18  Prospect theory implementation

Under prospect theory, people assess the weighted value of a prospect in two phases: editing and evaluation.

18.1 Editing

Editing involves simplification of prospects for subsequent evaluation.

Kahneman and Tversky (1979) describe the editing phase as having four main operations: coding, combination, segregation and cancellation.

  • In the coding operation, prospects are coded as gains or losses relative to a reference point.

  • In the combination operation, prospects are simplified by combining probabilities for identical outcomes. For example, (0.25, 200; 0.25, 200; 0.50, 0) will become (0.50, 200; 0.50, 0).

  • During segregation, riskless components are segregated from risky components. For example (0.80, 300; 0.20, 200) corresponds to a sure gain of 200 and the risky gamble (0.80, 100; 0.20, 0).

  • Finally, in cancellation, components that are shared by two prospects are ignored.

18.2 Evaluation

In the evaluation phase, the prospects are evaluated, and the option with the highest weighted value is chosen.

The weighted value of a prospect is made up of:

1. a decision weight applied to each probability \pi(p_i)

2. the subjective value of each outcome v(x_i)

These are applied through the following formula to calculate V(X), the weighted value of the outcomes from gamble X.

\begin{align*} V(X)&=\sum_{i=1}^n\pi(p_i)v(x_i)\\[6pt] &=\pi(p_1)v(x_1)+\pi(p_2)v(x_2)+...+\pi(p_n)v(x_n) \end{align*}

18.3 Fourfold pattern of risk attitudes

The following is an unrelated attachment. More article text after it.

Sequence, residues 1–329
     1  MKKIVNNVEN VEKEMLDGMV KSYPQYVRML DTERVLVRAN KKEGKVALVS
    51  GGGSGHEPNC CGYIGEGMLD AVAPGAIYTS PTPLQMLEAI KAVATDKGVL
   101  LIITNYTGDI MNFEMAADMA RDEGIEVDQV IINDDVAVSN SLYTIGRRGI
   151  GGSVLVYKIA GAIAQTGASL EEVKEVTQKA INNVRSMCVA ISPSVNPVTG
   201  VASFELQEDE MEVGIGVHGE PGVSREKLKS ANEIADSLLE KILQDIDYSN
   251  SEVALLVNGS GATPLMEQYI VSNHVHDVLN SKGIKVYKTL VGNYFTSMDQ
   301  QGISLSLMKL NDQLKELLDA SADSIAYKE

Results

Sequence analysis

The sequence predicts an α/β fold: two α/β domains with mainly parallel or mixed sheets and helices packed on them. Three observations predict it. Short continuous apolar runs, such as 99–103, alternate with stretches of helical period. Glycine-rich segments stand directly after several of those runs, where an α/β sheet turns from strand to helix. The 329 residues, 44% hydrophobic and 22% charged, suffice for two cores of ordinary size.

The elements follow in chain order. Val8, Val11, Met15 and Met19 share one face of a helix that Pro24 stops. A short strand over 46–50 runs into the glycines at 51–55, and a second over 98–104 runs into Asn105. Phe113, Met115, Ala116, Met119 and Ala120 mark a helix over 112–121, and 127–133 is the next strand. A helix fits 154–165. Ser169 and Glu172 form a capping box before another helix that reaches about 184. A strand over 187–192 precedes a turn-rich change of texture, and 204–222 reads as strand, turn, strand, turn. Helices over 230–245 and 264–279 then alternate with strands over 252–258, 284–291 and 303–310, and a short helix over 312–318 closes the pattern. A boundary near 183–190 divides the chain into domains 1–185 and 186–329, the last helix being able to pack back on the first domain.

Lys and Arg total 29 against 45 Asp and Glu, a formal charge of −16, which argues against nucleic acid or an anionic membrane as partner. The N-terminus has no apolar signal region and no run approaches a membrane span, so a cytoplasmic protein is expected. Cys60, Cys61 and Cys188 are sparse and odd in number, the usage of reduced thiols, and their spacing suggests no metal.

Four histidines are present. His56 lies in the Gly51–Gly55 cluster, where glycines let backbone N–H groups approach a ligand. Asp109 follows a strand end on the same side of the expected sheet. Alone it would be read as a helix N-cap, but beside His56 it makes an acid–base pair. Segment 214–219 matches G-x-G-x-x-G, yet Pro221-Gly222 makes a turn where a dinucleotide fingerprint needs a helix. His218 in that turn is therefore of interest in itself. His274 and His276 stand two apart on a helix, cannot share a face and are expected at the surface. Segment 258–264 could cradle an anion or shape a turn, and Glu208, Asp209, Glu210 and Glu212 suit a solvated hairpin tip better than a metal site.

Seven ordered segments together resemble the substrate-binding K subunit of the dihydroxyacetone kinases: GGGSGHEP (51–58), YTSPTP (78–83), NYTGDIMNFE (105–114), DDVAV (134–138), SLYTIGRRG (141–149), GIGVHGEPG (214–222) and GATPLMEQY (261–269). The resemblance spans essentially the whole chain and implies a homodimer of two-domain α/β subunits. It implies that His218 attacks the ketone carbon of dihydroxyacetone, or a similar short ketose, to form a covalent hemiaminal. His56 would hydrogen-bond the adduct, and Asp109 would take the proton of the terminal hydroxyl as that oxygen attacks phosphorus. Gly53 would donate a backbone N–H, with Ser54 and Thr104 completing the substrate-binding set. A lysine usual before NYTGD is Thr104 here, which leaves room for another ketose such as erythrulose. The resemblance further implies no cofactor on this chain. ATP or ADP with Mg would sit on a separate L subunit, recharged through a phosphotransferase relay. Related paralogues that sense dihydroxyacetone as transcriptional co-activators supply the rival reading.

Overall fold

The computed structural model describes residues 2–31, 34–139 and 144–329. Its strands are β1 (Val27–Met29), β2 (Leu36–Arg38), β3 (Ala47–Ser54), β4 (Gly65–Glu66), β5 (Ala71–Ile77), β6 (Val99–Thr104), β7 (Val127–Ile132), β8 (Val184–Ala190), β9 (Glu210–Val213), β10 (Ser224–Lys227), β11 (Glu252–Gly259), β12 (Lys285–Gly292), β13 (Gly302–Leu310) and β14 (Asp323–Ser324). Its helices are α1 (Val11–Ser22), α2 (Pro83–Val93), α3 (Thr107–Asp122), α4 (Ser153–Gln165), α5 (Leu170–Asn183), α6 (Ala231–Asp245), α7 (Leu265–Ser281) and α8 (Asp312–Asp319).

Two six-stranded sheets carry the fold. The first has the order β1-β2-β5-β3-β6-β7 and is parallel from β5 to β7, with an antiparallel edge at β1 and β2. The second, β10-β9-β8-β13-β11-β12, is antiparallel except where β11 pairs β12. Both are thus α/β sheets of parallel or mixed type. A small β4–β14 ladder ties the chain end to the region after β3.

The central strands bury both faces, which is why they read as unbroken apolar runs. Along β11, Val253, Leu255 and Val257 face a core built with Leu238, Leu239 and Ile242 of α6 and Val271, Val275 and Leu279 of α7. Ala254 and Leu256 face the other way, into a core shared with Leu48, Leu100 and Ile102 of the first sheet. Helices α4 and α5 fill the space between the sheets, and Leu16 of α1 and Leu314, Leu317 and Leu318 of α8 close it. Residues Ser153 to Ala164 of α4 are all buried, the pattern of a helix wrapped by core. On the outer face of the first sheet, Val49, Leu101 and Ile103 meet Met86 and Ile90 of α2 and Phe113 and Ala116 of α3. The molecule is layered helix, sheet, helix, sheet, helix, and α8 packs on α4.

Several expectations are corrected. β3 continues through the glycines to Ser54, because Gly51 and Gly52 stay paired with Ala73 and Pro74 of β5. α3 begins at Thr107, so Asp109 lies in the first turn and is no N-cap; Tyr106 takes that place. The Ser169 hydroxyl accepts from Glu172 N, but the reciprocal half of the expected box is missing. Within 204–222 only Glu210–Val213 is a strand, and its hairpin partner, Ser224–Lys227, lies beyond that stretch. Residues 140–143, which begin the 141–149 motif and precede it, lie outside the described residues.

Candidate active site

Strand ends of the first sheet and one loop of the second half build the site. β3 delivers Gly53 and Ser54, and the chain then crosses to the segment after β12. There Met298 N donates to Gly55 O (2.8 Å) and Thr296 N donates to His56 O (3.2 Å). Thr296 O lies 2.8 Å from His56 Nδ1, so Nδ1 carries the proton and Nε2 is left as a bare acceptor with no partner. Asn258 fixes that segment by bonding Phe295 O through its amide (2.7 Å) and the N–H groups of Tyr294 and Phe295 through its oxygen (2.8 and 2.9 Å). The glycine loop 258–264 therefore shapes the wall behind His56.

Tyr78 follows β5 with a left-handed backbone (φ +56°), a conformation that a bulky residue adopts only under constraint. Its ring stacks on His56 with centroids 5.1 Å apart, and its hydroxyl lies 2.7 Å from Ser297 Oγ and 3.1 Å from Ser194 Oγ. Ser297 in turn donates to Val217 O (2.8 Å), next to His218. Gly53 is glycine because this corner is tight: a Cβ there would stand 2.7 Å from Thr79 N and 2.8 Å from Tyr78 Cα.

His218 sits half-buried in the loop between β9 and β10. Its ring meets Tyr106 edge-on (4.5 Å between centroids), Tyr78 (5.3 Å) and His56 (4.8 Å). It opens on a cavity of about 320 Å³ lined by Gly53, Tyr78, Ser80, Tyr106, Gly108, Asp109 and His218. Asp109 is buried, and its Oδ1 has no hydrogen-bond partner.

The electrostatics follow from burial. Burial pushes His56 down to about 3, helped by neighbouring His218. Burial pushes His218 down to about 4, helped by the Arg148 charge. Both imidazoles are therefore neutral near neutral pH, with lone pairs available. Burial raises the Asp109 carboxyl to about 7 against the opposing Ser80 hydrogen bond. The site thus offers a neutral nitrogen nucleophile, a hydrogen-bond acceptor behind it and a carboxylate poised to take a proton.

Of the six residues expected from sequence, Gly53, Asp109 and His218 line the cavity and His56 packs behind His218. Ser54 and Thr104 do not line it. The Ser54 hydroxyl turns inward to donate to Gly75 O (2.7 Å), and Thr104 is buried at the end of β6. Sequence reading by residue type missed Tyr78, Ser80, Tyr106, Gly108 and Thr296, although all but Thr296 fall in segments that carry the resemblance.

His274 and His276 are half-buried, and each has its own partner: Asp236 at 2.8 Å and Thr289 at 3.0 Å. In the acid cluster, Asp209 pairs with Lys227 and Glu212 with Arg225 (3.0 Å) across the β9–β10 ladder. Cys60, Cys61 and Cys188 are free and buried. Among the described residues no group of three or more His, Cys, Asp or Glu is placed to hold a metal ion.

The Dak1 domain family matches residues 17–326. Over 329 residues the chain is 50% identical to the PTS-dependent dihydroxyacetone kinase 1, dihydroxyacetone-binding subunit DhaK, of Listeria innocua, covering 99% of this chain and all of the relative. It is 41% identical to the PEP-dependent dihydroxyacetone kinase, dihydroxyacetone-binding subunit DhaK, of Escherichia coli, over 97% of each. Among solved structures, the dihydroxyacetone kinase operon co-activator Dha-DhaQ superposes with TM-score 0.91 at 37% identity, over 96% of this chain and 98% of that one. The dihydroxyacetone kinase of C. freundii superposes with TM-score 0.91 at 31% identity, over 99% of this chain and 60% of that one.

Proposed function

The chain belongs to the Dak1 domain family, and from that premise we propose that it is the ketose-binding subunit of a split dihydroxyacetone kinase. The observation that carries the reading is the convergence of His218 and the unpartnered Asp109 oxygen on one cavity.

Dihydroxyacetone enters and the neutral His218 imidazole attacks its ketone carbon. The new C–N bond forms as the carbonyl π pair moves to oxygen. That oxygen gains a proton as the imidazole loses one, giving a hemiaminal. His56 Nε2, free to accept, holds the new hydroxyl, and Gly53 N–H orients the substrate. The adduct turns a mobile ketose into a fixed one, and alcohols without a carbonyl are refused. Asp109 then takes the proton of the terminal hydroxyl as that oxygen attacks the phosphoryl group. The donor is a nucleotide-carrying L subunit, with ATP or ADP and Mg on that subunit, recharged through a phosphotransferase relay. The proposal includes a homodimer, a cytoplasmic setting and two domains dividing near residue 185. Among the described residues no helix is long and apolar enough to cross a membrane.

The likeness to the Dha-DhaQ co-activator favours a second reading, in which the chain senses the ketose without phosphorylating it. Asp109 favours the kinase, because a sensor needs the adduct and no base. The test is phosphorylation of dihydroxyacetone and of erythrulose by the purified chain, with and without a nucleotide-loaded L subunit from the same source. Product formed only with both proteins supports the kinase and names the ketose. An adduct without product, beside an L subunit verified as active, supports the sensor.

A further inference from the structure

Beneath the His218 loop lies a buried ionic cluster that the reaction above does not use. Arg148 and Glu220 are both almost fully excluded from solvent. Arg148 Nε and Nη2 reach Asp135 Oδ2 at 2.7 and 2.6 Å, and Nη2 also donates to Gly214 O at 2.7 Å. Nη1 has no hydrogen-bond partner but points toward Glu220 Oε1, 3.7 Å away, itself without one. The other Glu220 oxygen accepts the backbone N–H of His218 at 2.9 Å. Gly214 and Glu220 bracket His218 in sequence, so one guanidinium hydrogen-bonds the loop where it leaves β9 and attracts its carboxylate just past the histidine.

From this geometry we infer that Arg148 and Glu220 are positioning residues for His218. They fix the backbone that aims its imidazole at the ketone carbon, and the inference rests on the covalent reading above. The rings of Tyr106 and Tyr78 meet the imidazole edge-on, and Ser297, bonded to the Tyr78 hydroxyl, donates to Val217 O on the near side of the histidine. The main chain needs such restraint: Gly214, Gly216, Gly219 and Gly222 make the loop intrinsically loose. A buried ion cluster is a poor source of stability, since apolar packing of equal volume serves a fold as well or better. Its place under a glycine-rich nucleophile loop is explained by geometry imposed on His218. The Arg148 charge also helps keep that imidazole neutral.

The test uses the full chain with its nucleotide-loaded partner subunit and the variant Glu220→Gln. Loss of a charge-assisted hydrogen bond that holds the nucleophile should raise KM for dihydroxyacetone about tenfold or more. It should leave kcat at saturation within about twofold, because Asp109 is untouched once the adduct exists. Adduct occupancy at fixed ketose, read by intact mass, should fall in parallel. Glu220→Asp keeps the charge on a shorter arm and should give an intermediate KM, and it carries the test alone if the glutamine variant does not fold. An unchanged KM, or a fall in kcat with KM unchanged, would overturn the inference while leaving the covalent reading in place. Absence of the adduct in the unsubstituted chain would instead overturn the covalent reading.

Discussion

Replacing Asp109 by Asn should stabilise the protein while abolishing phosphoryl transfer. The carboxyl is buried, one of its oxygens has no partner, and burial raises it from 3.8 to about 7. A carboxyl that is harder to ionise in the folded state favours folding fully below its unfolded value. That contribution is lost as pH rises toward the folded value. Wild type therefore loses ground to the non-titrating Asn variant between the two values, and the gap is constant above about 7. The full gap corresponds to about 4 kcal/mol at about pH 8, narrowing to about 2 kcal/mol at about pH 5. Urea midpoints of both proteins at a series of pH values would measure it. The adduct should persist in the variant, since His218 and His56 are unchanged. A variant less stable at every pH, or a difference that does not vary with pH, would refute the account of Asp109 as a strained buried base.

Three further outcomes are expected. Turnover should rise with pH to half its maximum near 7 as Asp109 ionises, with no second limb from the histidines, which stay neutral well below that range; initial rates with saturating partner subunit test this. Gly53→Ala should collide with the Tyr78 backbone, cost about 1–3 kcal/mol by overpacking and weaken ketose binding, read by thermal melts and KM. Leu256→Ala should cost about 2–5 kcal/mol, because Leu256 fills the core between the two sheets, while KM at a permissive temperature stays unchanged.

Prospect theory results in a four-fold pattern of risk attitudes, as shown in this table.

Gains Losses
High probability Risk aversion Risk seeking
Low probability Risk seeking Risk aversion

For high-probability gambles, the reflection effect leads to people being people risk averse in the domain of gains and risk seeking in the domain of losses. For the top left quadrant, the low possibility of missing out on the gain is overweighted, making the gamble less attractive and amplifying the risk-averse behaviour. For the top right quadrant, the low probability of avoiding the loss is also overweighted, amplifying the risk-seeking behaviour we see in the domain of losses.

These top two quadrants can be illustrated by considering an offer to settle a court case.

Imagine one party has a 95% chance of winning a large settlement. The shape of the value function in the gain domain and the certainty effect make a settlement offer attractive. Conversely, the other party overweights their 5% chance of victory and is risk-seeking in the loss domain, making them unlikely to seek settlement unless it is very favourable.

But for low-probability gambles, as in the bottom two quadrants, the probability weighting pushes decisions in the opposite direction to the value function. The possibility of a gain is overweighted, making gambles attractive and inducing risk-seeking behaviour. A similar effect occurs for a low probability of loss, with the overweighted probability making the gamble less attractive, inducing risk-averse behaviour.

The bottom two quadrants can be related to the purchase of insurance and lotteries.

Lotteries involve a small probability of gains. As people overweight that small probability of a win, people will be risk-seeking when considering whether to purchase a lottery despite the gamble being in the gain domain where they are typically risk averse.

Insurance involves a small probability of loss. As people overweight the small probability of a loss, people will be risk-averse when considering whether to purchase insurance despite normally being risk seeking in the loss domain.